Although gasoline prices keep rising, it appears that the customers who bought hybrid vehicles in the United States and want a new car want something else besides another hybrid. According to a Polk study, almost two-thirds of U.S. hybrid buyers chose a non-hybrid car. Moreover, repurchase rate among hybrid buyers dropped to 22 percent, but the big surprise is that the Toyota Prius owners are excluded.
Back in 2009, the loyalty rate for hybrids was 41.8 percent, while in 2010 this was 41.8 percent and 35 percent in 2011. Still, there are good news for the carmakers that invested heavily into developing hybrid vehicles, as these cars attract new buyers to the brand and may also help them to retain them. A good example is Toyota, which expanded its Prius line to three body styles and earlier this year introduced a plug-in version.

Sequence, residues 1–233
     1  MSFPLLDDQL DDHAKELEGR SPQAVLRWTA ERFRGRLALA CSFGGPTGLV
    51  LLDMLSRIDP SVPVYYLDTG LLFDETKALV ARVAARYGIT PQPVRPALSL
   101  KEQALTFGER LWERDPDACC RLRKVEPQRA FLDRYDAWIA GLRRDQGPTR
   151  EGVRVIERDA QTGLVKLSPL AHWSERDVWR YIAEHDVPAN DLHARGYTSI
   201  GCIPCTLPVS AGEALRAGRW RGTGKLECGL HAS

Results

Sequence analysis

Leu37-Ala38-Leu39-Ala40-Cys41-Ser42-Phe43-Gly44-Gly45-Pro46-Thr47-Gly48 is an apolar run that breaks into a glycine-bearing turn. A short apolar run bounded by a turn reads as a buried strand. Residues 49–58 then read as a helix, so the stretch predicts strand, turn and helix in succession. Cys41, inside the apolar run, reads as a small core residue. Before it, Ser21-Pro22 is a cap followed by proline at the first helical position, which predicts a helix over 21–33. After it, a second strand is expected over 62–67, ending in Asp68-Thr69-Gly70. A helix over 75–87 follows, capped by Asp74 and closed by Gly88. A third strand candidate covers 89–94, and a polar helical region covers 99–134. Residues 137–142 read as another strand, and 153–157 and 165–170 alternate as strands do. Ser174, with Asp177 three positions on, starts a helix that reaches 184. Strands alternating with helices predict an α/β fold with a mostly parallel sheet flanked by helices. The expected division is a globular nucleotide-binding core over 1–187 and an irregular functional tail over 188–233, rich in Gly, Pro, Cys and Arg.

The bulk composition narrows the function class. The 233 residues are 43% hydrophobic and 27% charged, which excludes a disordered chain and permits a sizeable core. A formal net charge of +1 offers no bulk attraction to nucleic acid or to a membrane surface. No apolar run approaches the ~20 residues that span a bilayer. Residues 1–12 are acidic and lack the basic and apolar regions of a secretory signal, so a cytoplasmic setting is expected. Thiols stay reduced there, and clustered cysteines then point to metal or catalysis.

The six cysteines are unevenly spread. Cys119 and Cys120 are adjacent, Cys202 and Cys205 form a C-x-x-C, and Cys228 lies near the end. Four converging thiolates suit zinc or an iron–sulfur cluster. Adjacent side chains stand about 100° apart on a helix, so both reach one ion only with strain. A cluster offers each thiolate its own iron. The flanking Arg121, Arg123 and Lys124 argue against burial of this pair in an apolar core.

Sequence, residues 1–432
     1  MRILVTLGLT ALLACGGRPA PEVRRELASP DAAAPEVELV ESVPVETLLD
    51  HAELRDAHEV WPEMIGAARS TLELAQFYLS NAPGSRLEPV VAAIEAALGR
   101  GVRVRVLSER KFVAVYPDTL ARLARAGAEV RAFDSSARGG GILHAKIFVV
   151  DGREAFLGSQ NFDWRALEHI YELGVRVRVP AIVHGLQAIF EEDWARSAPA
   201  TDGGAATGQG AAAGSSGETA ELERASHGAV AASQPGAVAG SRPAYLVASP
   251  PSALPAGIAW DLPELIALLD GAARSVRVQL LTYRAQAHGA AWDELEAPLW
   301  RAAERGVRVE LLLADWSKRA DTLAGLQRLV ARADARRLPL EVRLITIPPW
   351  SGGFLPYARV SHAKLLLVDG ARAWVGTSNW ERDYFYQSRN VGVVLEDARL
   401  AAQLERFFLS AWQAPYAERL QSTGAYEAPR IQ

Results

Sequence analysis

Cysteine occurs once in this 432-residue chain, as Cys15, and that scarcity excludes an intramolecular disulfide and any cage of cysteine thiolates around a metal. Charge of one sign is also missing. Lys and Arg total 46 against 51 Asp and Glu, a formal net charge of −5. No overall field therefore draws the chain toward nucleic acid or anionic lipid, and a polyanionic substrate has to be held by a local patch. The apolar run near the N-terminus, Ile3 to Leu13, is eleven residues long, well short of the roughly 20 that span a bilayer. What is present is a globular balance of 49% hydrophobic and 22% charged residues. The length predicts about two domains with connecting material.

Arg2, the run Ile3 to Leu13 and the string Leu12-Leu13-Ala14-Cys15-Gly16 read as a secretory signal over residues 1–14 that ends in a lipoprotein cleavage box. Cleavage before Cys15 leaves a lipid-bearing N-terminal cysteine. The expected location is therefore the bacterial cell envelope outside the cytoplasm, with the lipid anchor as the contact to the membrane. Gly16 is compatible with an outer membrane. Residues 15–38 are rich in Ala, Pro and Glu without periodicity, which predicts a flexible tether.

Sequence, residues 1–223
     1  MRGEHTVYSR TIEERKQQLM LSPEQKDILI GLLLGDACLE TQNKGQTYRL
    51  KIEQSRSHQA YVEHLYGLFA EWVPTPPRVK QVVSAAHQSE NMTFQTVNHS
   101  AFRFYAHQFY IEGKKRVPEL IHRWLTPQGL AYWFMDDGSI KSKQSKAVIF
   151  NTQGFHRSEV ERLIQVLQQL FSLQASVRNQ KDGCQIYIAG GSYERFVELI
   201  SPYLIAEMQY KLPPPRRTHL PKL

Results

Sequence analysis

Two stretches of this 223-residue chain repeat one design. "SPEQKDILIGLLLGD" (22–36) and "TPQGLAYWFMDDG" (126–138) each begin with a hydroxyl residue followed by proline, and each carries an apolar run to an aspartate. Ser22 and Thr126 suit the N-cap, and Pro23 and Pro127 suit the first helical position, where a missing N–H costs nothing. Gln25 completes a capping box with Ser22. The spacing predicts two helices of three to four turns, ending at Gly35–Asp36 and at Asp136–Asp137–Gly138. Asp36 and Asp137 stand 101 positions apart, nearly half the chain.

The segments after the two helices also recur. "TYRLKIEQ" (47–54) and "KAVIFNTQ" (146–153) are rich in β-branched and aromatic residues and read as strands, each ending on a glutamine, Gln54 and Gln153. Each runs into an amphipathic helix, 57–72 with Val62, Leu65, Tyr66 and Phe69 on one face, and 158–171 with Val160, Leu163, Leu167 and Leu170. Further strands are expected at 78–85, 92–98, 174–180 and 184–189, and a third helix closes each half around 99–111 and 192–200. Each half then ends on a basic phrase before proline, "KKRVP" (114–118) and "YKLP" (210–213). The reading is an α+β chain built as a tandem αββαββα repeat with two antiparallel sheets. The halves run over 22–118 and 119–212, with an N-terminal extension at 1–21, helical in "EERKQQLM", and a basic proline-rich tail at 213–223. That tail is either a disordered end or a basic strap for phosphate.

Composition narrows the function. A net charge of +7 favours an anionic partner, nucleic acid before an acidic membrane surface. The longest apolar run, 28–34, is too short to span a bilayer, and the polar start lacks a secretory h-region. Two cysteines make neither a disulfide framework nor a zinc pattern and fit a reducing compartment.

According to Polk, back in 2011, 60 percent of Prius owners back in the market bought a Toyota brand vehicle. Honda is far away as 52 percent of hybrid owners stayed with the brand but less than one in five bought another hybrid from any brand.
The big problem for hybrid carmakers is that other manufacturers are developing non-hybrid vehicles that need less fuel to cover the same distance. As a result, the hybrid U.S. auto sales dropped 2.4 percent in 2011, down from 2.9 percent in 2010.